In 2009, we expanded our volunteer programs to additional schools in Culver City, LAUSD and Las Vegas, NV. We collaborated with the Milagro Foundation to expand our curriculum and create a GrowingGreat Academy in three low income schools in Marin City, CA. In 2010 -2011 we added volunteer-led programs at schools in Culver City, Palos Verdes, El Segundo, Santa Monica and Los Angeles. Our 5th Annual “Healthy Living Festival” had over 65 exhibitors, 5,000 participants and raised $40,000 in corporate sponsorships. We are currently serving over thirty schools and 16,000 students and families. We have developed a web-based training model to enhance the delivery, accessibility and scalability of our programs.
We launched our Online Nutrition Education Training and a nationwide expansion effort to provide the opportunity to implement the GrowingGreat curriculum in their schools or after school programs anywhere in the world. GrowingGreat hit an amazing benchmark serving over 150,000 students and families!
Beyond schools, STEM labs and supper tables, GrowingGreat believes that nutrition and garden education have a place in all learning environments – including science centers and children’s museums. Led by GrowingGreat, the My First Garden network provides interactive experiences that teach children and families how a seed grows or where food comes from, providing nutrition information and healthy snacks for those in need. Preschoolers use beginning math and science skills to study fruits and vegetables they haven’t encountered and eat their experiments! The curriculum, found in museums across the U.S., includes GrowingGreat’s Play with your food/Juguemos con la comida series — ten ready-to-use activities connecting science, garden, nutrition and literacy, in both English and Spanish. In 2018 alone, 100 educators received My First Garden activities at the Association of Science-Technology Centers and the National Association for the Education of Young Children conferences, in addition to 200 more museum staff through two national webinars. The network remains open to all, including institutions that don’t have a garden or nutrition program — yet.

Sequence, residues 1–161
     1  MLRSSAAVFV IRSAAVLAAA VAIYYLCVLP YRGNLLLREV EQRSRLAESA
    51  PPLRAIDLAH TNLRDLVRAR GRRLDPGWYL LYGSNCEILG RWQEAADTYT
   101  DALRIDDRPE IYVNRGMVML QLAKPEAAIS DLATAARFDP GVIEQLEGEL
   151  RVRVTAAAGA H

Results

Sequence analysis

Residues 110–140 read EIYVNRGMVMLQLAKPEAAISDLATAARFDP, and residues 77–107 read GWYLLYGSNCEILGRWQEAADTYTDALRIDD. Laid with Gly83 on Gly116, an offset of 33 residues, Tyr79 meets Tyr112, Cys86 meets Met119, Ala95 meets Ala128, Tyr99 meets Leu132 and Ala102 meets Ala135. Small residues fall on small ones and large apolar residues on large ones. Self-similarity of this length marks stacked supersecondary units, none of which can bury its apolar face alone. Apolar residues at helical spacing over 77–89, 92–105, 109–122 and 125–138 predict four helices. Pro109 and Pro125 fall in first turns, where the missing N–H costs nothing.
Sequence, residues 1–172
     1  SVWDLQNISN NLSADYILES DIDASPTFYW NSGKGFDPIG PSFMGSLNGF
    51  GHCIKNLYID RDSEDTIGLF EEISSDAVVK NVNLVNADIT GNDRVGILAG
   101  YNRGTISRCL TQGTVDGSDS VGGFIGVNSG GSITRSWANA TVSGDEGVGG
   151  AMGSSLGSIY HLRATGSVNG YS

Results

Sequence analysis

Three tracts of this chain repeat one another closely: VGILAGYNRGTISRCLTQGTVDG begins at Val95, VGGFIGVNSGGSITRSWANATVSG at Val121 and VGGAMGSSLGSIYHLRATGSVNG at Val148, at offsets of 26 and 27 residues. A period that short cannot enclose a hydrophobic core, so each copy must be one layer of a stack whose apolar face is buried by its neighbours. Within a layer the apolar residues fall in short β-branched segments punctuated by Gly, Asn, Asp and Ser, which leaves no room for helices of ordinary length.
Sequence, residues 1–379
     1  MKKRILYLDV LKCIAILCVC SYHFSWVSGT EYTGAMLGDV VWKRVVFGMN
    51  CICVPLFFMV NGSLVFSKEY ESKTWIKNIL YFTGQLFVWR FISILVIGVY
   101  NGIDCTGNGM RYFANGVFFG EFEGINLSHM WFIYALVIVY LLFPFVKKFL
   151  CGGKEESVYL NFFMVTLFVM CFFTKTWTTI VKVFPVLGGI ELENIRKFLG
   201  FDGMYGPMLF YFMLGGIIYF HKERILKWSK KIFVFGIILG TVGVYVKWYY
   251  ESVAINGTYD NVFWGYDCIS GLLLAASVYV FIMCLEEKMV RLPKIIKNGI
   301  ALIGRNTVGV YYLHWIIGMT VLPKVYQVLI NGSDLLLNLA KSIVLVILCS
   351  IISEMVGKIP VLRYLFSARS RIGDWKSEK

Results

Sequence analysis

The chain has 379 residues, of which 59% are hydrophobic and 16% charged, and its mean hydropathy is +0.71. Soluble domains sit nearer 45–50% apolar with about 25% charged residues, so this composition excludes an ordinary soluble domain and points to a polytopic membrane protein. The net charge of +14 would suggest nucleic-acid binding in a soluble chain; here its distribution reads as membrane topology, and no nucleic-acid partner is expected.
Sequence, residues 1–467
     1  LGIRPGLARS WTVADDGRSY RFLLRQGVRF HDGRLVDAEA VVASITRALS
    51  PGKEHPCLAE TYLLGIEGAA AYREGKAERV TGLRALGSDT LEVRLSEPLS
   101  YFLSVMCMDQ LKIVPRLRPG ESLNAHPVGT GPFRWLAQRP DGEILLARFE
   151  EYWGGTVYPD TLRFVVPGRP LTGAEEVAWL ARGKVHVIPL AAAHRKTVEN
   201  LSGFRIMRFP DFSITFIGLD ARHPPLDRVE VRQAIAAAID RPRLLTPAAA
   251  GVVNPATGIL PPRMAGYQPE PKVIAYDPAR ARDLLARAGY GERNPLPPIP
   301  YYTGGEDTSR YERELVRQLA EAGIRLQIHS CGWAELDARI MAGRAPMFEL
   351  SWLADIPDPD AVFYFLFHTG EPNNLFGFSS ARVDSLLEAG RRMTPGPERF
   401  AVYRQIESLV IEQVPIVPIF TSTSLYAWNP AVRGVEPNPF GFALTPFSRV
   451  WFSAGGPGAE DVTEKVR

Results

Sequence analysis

We envision a world in which all communities have access to fresh, minimally-processed foods; all parents are empowered to make healthy food choices for their families; and every school garden is an outdoor STEM Learning Lab.
1) Strengthen core partnerships in under-resourced communities
• Start a new GrowingGreat-led elementary school partnership
• Coordinate and expand efforts with other garden organizations
• Maintain national collaboration for PreK-12 STEM and literacy
• Develop and implement an effective impact evaluation
2) Focus program delivery on four methods that ensure adherence and efficacy, demonstrating one program working at scale for each:
• GrowingGreat staff visit schools and teach our programs
• Collaborations with experienced educators who teach programs on their own with our support and curriculum
• Free consultations to under-resourced schools
• Create and share hands-on science and literacy-based activities
3) Engage parents in Spanish- and English-speaking households
• Offer family garden festivals in under-resourced communities featuring planting, cooking, and hands-on activities
• Review every aspect of written and spoken programming to assure we are inclusive of Spanish-speaking families
4) Increase program online visibility and accessibility
• Continue to expand social media presence
• Update website and online curriculum to become mobile-friendly
• Use social media to increase Fall and Year-End giving